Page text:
Finally, we commend your Administration's assistance to Iraq in its efforts to end the UN Chapter VII mandates still pertaining to that country, and urge you to make this a priority over the next year. We also urge you to fully implement the Strategic Framework Agreement agreed to on November 17, 2008 to enable more non-military collaboration between our two countries. Taken together, these efforts will demonstrate to the Iraqi people our continued commitment to their nation's stability and our desire for a realtionship based on mutual respect and support.
In conclusion, Mr. President, we believe the upcoming elections in Iraq will be the most improtant in that nation's history. We urge your Administration to do all it can to ensure that they are successful and viewed as free and fair. And we commit to working with you toward that goal.
If you control who runs, if you intimidate the press, how are you different from Saddam Hussein? That's a question that might be asked in the near future if this issue isn't resolved. Turning to some of today's reported violence . . .
KUNA reports a suicide car bombing in Mosul which claimed the life of the driver as well as the lives of 2 Iraqi soldiers while leaving eight people injured. Reuters notes 1 man was shot dead as he departed a mosque in Mosul.
Today in the US, the House Veterans Affairs Committee held a hearing on the Fiscal Year budget request for 2011. Comittee Chair Bob Filner noted voting would mean they had to get the first panel started quickly so that the members could then go off an vote. Ranking Member Steve Buyer would use his opening statement to ask a series of questions -- questions, he himself pointed out, he'd be unable to hear the answers to because he was rushing off to a Comcast hearing. That more than set the tone for the hearing.
Chair Bob Filner: Mr Secretary, you and the President have requested a VA budget of $125 billion roughly including a total discretionary request of $60 plus billion. And the VA medical care represents 86% of the total discretionary budget. Also for FY2011, the administration is requesting $51. and a half billion in resources for this VA medical care. Appropriated resources for FY2011 have already been provided in last year's consodlidated approriations act and the funding level is an increase 4.1 billion or 8.6% over FY2010 levels. Rest assured that this committee will be working closely with our counterparts in the administration and the Senate to make sure the process moves forward to ensure that veterans have the medical care resources they need when fiscal year 2012 begins in 2011.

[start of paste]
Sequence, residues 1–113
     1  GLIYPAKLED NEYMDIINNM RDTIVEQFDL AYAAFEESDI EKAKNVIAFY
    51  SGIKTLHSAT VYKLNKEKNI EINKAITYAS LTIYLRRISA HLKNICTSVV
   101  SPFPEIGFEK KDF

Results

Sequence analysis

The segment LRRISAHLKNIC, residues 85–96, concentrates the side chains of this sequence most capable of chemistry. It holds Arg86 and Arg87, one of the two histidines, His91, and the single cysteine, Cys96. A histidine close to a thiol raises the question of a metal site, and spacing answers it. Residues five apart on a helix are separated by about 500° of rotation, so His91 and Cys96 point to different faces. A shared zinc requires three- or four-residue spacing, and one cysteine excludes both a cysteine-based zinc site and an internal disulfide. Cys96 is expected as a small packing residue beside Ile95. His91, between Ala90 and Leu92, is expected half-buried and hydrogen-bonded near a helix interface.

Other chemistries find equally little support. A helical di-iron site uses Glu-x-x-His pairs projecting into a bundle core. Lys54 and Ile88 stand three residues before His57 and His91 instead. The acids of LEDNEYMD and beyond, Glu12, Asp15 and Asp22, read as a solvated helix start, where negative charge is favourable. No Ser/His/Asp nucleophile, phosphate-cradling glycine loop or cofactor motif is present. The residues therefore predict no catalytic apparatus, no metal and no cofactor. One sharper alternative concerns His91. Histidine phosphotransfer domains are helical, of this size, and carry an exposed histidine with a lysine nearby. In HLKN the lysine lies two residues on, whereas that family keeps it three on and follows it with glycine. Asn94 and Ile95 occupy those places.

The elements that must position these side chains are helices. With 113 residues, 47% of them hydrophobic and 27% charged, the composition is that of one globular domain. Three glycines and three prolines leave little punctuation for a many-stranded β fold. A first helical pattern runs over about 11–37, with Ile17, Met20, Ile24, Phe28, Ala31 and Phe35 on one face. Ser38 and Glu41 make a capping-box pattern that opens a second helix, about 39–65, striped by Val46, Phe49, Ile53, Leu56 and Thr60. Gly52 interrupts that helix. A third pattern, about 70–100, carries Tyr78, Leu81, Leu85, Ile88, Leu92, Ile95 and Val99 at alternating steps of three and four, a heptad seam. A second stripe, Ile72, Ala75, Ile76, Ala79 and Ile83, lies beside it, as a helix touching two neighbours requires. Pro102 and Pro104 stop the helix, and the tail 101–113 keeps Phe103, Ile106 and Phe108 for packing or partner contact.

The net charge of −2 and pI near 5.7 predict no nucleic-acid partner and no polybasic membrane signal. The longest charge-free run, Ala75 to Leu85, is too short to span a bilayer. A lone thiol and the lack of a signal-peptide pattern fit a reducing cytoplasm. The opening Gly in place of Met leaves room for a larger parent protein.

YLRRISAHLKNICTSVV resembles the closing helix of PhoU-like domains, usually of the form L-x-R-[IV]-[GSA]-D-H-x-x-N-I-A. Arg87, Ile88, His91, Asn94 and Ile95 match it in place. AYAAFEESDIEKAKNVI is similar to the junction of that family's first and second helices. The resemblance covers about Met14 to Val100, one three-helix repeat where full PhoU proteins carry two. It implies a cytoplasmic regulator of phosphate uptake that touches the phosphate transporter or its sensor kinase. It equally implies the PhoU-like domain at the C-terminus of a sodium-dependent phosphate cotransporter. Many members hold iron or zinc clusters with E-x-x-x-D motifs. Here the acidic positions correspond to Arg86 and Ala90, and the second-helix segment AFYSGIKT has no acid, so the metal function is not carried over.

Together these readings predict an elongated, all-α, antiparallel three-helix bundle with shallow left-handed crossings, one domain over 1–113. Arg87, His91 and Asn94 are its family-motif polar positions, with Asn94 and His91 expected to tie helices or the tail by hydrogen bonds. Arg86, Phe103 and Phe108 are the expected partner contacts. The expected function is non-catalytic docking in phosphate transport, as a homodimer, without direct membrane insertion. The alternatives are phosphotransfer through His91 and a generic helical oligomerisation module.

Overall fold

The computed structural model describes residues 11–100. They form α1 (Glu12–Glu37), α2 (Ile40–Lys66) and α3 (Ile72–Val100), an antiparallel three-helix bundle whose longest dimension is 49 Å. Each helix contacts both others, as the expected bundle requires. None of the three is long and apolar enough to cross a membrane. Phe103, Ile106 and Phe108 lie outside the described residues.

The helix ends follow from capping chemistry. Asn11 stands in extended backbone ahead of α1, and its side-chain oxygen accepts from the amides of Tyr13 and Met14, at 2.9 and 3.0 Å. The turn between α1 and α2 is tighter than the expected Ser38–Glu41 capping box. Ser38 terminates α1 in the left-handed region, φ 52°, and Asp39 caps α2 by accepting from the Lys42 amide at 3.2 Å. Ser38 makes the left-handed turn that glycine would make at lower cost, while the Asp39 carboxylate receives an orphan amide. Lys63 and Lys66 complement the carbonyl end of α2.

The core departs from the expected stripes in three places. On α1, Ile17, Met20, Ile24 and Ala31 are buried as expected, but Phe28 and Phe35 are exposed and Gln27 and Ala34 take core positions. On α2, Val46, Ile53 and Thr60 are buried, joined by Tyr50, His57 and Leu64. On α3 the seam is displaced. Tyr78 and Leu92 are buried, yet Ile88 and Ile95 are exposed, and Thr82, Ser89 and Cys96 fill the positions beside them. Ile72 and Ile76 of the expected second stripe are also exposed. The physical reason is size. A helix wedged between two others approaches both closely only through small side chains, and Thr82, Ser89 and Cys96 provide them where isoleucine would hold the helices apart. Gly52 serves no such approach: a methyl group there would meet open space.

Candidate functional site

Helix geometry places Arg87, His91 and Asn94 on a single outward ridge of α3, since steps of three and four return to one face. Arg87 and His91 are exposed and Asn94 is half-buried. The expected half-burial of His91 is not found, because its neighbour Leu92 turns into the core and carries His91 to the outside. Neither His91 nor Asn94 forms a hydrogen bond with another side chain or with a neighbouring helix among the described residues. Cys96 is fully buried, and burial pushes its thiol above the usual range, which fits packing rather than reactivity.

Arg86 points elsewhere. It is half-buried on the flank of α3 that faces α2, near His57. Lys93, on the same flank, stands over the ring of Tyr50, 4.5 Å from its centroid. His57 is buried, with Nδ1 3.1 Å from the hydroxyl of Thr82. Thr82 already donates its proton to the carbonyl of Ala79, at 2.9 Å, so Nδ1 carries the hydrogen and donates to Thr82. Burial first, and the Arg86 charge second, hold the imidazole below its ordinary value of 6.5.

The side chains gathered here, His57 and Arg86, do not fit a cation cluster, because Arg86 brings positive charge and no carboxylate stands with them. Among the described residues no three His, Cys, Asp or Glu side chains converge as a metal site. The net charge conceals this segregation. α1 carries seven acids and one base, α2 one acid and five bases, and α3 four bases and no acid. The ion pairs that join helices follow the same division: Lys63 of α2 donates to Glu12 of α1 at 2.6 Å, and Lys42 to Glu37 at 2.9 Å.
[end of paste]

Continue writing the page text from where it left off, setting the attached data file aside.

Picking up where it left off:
VA Secretary Eric Shinseki would deliver a lengthy statement supposedly taking accountability for various misteps and repeatedly insisting (such as when it came to processing medical claims) that the VA's actions were not 'good enough' and needed to improve. But for someone supposedly interested in accountability, the issue of the 2009 fall sememster checks that should have gone out in August under the GI Bill was not addressed, this depsite the fact that as of January 1, 2010, over a thousand veterans were still waiting for the checks they should have received over four months prior. When the VA steps forward this year to suddenly claim they need addtional funds for the GI Bill remember that Shinseki ignored addressing that program (a program which VA has clearly failed at thus far) when delivering his request for Fiscal Year 2010 funding.
That really summarizes the entire hearing. Yesterday's snapshot addressed a House Armed Services Committee hearing on sexual assault in the military, Wally, filling in for Rebecca, covered it last night with "House Armed Services' Military Personnel Subcomittee," Trina covered it with "Niki Tsongas asks the question" and Kat with "Defense Task Force on Sexual Assault in the Military Services." If any cover today's hearing, we'll note it tomorrow. (Wally may cover a joke told in the hearing, I'm not aware of anyone else expressing great interest in the hearing for the reasons outline above. Trina may do an overview.)
The Iraq Inquiry held hearings in London yesterday and will hold its next scheduled public hearing on Monday. Of yesterday's hearing, the Yorkshire Post notes Kevin Tebbit's testimony that the military "had to cut projects for helicopters, warships and Nimrod spy planes" due to then-Chancellor Gordon Brown cutting military spending. Brendan O'Neill (Guardian) focuses on Ann Clwyd's testimony and offers: